Admit it: you know very little about Malawi. It's not your fault, very few people do – and therein lies the charm of this exceptionally friendly African country. Not only is it home to some of the continent's most diverse landscapes, but it's pretty much only for those in the know (there's, like, no tourists). But if you do venture there the reward is oh so sweet. Especially if you hit up Lake Malawi, Africa's third largest lake, and the world's ninth largest. This crazy clear water is home to diving, snorkeling, beaches, islands and wildlife that ranges from hippos to baboons, warthogs to elephants. But there's so many more natural wonders to explore, and no-one knows more about them than medic student and photographer, Kazim Ghafoor. Let us take you on a journey, with both his expertise and images, to showcase this stunner of a country.
So, what brought you to Malawi in the first place?
I had organized a month long medical placement in a village in Malawi, as part of my medical degree. I chose Malawi for several reasons. Firstly, I wanted to experience healthcare in a low-resource setting and understand the challenges faced in difficult environments. I’d also heard excellent things about Malawi; the hospitality of the people and the safety were definitely pull factors!
In what ways did the country differ from your expectations?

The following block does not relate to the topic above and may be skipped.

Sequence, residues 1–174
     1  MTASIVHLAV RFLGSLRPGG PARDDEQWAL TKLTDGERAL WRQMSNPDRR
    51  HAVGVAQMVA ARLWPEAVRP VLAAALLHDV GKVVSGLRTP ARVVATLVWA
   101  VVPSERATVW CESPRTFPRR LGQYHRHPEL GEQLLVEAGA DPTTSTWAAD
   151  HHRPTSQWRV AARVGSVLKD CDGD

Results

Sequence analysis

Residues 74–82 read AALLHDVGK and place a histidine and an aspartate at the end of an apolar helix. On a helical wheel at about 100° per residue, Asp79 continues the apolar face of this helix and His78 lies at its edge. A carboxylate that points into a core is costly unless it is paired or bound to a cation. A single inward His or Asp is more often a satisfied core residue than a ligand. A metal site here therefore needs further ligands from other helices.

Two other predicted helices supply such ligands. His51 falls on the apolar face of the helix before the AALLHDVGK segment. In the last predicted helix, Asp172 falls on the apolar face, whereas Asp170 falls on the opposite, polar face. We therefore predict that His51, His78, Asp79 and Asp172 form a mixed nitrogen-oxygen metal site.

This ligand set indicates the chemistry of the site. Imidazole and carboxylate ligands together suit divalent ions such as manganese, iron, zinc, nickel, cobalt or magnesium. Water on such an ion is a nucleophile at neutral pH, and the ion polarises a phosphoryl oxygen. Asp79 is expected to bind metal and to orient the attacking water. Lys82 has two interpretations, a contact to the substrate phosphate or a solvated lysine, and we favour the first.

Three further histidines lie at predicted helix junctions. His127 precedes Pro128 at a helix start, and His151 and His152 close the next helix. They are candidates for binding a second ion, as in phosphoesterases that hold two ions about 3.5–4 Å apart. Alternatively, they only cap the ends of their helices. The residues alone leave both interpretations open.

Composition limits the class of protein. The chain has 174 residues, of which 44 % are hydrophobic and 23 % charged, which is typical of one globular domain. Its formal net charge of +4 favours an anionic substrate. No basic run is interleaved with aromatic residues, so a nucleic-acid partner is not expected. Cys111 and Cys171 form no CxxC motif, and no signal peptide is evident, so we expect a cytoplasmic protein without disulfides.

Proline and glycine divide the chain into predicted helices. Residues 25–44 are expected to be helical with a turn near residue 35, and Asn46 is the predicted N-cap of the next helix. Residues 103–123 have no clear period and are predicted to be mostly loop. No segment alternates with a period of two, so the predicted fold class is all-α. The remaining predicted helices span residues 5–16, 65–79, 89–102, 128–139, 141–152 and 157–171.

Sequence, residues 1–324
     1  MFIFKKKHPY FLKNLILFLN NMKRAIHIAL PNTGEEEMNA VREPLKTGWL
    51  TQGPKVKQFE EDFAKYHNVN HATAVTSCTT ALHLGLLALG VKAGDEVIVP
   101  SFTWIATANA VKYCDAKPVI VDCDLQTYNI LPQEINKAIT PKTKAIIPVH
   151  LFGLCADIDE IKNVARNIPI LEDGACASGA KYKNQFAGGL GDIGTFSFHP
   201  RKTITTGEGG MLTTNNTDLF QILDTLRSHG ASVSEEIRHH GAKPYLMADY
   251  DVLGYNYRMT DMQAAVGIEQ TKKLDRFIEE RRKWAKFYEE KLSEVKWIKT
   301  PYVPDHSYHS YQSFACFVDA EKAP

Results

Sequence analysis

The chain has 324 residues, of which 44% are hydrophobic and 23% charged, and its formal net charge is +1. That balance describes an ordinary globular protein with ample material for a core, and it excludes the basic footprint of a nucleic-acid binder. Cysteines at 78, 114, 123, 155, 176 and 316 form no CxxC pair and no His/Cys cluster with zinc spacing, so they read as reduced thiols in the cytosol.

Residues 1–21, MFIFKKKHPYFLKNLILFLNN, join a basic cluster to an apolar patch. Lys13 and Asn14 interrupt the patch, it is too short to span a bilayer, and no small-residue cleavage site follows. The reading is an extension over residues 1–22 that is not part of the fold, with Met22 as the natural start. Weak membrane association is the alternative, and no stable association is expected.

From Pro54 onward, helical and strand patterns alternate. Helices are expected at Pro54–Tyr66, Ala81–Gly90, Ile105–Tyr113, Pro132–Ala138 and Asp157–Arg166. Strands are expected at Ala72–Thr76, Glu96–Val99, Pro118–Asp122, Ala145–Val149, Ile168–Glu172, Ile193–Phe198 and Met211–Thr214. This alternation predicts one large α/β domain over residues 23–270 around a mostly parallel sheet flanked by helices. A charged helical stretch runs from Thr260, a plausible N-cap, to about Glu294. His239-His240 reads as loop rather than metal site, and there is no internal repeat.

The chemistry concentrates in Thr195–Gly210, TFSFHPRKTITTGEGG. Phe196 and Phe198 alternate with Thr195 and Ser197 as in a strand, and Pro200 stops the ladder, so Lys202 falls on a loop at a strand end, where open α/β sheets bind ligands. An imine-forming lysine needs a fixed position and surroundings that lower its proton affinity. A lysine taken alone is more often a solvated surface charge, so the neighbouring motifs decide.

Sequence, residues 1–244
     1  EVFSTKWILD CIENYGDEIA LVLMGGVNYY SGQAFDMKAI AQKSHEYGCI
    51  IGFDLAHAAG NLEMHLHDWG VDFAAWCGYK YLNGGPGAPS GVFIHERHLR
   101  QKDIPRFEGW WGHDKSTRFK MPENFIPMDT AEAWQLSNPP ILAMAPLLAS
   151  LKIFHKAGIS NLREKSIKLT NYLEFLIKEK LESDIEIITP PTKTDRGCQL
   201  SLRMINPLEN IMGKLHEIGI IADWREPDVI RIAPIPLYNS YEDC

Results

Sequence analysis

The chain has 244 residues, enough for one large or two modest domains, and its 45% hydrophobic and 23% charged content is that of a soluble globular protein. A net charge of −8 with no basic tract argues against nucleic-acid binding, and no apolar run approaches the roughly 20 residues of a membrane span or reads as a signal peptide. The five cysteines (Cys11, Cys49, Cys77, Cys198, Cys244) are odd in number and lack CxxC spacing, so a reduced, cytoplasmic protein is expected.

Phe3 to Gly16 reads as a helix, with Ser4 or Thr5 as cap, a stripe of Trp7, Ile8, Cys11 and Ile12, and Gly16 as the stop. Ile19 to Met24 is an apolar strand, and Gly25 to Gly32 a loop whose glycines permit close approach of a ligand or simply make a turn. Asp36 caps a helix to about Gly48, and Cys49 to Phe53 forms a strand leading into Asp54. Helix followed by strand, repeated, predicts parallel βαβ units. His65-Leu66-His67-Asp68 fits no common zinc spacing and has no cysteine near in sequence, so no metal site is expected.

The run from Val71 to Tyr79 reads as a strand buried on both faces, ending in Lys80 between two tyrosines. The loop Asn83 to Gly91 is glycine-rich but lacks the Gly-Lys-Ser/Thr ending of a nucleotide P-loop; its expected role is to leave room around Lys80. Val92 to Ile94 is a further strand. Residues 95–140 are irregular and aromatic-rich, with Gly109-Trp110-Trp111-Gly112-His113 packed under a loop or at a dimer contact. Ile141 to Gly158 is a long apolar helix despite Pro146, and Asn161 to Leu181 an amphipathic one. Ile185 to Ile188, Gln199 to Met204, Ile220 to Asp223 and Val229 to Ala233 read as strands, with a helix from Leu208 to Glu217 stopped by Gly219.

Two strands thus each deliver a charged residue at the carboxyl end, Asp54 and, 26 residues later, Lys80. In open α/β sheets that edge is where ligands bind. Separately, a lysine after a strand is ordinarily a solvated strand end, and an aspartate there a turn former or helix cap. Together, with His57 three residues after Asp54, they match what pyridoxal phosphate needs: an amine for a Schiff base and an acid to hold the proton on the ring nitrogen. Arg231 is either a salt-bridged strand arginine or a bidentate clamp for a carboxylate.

It differed in so many ways. From a photography perspective, I did very little research before arriving in Malawi. My preconceptions about the landscapes couldn’t have been more wrong. Knowing that Malawi was a land-locked country in sub-Saharan Africa, I expected harsh, barren and flat landscapes. Instead I was able to witness stunning mountainous peaks, gold sand beaches and vast, rich forests with a jungle-feel.
If travelers had just a few days in Malawi, where would you recommend visiting?
Cape Maclear on Lake Malawi is a MUST. It’s the perfect place to unwind and relax with great views, epic kayaking, bird-watching and some great restaurants and bars.
I’d highly recommend Zomba Plateau too (a mountain range in the south). I was captivated by the landscape — it felt like a mix of the Scottish Highlands and the forests of the Peak District in England, yet you’d occasionally spot samango or vervet monkeys.
If you have a few more days to spare, then you must head to Mount Mulanje, one of the highest peaks in southern Africa.
What would be your one tip for photographers hoping to get similarly beautiful landscape shots?
Shoot at sunrise and sunset (admittedly sunrise can be a struggle for me – I’m no morning person). At these times, the light is softest and most magical. I’d also say to just get out there and shoot as much as you can. Don’t look too much at what others are doing. Simply find your own style, continue learning and enjoy the journey!
As a photography enthusiast, where are you traveling next?
Tough question. I’m now a final-year medical student so my timetable doesn’t allow for much travelling. However, I get a solid break next summer so hopefully I’ll be able to tick off Indonesia; it looks out of this world! In the future, I’d love to visit NZ and also re-visit Pakistan too.
For more of Kazim's awe-inspiring work check out his Instagram account.
Note: Kazim adhered to local policy regarding photography of minors in Malawi.